Some call Chairman Mao Zedong a great leader, while others label him a ruthless dictator. Regardless of what you believe, there is no denying that Chairman Mao led an interesting and, at times, weird life. Here are 25 strange but true facts about Chairman Mao.
Mao Zedong's legacy is one that's still debated today. He's credited with stabilizing China and greatly increasing both the life expectancy and overall population of its citizens. But for all his achievements, his actions, ranging from persecution of political enemies to his agricultural revolution that caused the Great Chinese Famine, led to the deaths of anywhere from 40 to 70 million people, which is the largest death toll caused by a single person in human history.
Chairman Mao had a sexual relationship with Chen Luwen, a self-described “imperial concubine”. She was 14 at the time, and he was 68.
The relationship lasted almost a decade, from 1962-1971.
According to Dr. Li, Chairman Mao’s personal doctor, the ruler was infertile despite the observed pregnancy of at least one of his young mistresses.
Despite this infertility, Chairman Mao had four wives who gave birth to 10 children. The Chairman also was the grandfather to 12 grandchildren. Something.
..doesn't add up here.
Chairman Mao’s favorite food was hong shao rou—braised cubes of pork belly glazed with caramelized sugar and Shaoxing rice wine. The province of Hunan, where Chairman Mao was born, standardized the dish to honor the hometown hero, decreeing that the dish can only be made with rare pigs.
At the age of 13, Chairman Mao was forced to leave school and return home to help on the family farm.
Chairman Mao didn’t brush his teeth. Instead, he rinsed his mouth with tea, then chewed the leaves. This left the Chairman with green, rooting teeth and gums that oozed puss.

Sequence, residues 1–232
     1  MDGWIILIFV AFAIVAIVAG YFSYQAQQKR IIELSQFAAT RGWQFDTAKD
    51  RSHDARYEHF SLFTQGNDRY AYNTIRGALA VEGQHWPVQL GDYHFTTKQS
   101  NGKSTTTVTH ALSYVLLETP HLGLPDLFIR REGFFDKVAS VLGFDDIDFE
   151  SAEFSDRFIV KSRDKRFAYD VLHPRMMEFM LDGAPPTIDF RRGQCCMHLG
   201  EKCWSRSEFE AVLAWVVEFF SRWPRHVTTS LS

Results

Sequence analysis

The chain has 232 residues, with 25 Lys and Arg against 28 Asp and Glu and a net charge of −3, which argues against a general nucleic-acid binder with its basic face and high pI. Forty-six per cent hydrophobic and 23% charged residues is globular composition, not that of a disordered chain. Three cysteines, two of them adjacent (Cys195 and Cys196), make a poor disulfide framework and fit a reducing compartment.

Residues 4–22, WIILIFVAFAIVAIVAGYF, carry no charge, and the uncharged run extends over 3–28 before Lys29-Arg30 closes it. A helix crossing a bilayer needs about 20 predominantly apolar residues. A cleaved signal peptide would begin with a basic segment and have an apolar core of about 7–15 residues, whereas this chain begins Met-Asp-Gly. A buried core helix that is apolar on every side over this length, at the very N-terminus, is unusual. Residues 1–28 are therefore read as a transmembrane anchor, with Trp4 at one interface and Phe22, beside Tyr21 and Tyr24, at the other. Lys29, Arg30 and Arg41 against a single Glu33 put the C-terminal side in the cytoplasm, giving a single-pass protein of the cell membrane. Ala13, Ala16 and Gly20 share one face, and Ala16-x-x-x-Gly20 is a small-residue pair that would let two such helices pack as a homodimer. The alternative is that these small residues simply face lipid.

When encouraged by his physician to brush, Chairman Mao would respond, “Does a tiger brush his teeth”?
Mao also considered bathing a "waste of time". He would swim and receive rubdowns with hot towels instead.
Mao Zedong was the carrier of a parasitic STD. He refused treatment for the infection, likely spreading the STD to multiple female partners.
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Mangoes were used under Chairman Mao’s rule as an offering to the working class. The Chairman re-gifted mangoes brought by a Pakistani delegation to factory workers in Beijing as a commitment to China’s working class. The factory workers were so honored that the Chairman would sacrifice his personal mangoes for them that they tried to preserve the fruits.
If a mango rotted, it was turned into a communal broth. Wax mangoes were also given as gifts, and parades were held in the street to honor the mango–and, of course, Chairman Mao.
Three years before his death, Chairman Mao offered to send 10 million women to the United States.
The Chairman believed his country was too poor to sustain, in his view, an excessive number of women.
Mao suffered from such severe insomnia that he would take up to 10 times the normal dosage of sleeping pills. Insomnia also led the Chairman to suffer bouts of addiction with barbiturates and chloral hydrate.
When he died, Chairman Mao’s body was embalmed and put on display inside of a crystal coffin. Visitors can still see his preserved body at the Mausoleum of Mao Zedong in Tiananmen Square in Beijing.